I usually encourage my students to do their practice in the morning, before the day gets going and distractions come along. Can you get up 15 minutes earlier and fit it in before your shower? Do you see that as something thatís realistically possible? The majority of people discover that itís quite easy to do. Itís more beneficial for people to do a 10- or 15-minute home practice every day than go take a class once a week for an hour and a half.
When people start with a 10-minute or 15-minute practice and dedicate to it, that practice gradually lengthens in time. Suddenly that 10-minute practice that they were just going to get out of the way is 15 minutes long. And then, a month later, it is 20 minutes long, because they just felt like staying in it a little bit longer. In time, it grows and grows from within. But If you expect yourself to do a one-and-a-half hour practice, three times a week, right off the bat--if thatís unrealistic, then youíre setting yourself up for failure.
If itís that easy, why isnít everybody doing it already? Find out in the next installment--as well as the reason ďIím not flexibleĒ is the worst-ever reason not to take up yoga.
I couldn't agree more about the benefits of yoga in skydiving and tunnel flying. Everything from body awareness to breathing can make a major difference when learning the sport. Thanks for sharing this!
This is so true and these two ladies know what they are talking about. When we were 20 I'm pretty sure we all thought that those transitions and hard openings and landings would never catch up to us... 10 plus years later it's another story haha. I love participating in skydiving tunnel flying and BASE jumping and yoga had helped me to stay involved and feeling good. When I get those aches and pains and think...oh man this sport is catching up to me... it's usually because I haven't been keeping up with my yoga practice. Having a way to balance out our bodies and combat all of the impact that we put our bodies through is in my opinion the only way to be able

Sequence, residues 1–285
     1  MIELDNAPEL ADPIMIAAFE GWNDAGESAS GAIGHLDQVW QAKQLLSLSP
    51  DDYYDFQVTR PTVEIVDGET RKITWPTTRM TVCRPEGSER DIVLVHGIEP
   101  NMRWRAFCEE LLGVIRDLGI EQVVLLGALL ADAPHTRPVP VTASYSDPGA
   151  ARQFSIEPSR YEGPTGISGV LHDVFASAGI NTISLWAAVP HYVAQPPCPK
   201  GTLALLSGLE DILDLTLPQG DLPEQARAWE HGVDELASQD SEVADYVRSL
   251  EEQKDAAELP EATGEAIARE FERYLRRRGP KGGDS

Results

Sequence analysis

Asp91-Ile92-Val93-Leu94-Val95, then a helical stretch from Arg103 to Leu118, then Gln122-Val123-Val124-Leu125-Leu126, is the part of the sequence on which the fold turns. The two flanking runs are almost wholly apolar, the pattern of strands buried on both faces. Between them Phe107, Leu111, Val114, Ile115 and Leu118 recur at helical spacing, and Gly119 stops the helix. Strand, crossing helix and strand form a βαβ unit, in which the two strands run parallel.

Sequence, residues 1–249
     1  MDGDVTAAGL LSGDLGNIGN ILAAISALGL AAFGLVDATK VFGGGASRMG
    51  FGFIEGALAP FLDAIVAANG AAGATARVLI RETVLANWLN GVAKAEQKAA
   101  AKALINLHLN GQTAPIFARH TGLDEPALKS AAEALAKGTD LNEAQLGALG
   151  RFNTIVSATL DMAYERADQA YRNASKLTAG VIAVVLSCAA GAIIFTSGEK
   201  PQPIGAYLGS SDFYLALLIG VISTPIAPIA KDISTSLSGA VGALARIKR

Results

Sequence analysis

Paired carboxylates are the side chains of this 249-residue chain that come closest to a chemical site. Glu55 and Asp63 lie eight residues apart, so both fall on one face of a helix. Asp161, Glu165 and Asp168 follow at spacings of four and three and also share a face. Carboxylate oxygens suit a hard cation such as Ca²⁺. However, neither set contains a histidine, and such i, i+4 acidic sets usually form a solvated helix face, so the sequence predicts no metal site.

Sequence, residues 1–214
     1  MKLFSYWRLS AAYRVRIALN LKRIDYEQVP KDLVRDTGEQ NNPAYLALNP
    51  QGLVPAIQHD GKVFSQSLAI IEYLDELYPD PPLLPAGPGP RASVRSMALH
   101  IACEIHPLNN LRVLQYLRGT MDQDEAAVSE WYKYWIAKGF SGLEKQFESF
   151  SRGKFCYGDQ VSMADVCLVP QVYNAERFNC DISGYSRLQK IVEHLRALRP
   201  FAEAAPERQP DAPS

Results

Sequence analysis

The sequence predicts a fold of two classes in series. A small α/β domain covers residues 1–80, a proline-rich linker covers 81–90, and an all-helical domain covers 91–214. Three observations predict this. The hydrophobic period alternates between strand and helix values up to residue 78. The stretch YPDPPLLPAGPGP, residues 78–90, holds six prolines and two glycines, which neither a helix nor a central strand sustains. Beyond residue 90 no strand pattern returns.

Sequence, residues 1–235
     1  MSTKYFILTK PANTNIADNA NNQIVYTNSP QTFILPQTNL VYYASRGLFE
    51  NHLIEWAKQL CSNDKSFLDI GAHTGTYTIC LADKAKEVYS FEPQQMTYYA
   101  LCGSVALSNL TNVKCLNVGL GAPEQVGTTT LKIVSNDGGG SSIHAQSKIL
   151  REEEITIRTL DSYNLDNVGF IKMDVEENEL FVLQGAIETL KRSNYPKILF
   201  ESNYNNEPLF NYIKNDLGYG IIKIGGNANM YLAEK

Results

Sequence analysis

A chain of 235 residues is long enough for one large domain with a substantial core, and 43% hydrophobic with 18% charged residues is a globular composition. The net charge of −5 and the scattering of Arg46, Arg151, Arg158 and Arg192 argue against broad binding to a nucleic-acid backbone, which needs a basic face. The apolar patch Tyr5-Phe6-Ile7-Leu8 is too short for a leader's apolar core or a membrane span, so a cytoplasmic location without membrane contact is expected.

To make this a true lifetime activity. Thanks for sharing your experience ladies love you both ūüėė
This is actually really encouraging for me considering I've just recently gotten into the sport of skydiving (been in AFF for a little over a month, hard to make jumps when the weather isn't great), and I'm actually starting yoga on Monday. Yoga, along with skydiving, is something I've been fascinated with but didn't have the confidence or determination to pursue it until recently. Definitely looking forward to my class more now. Thanks for the article!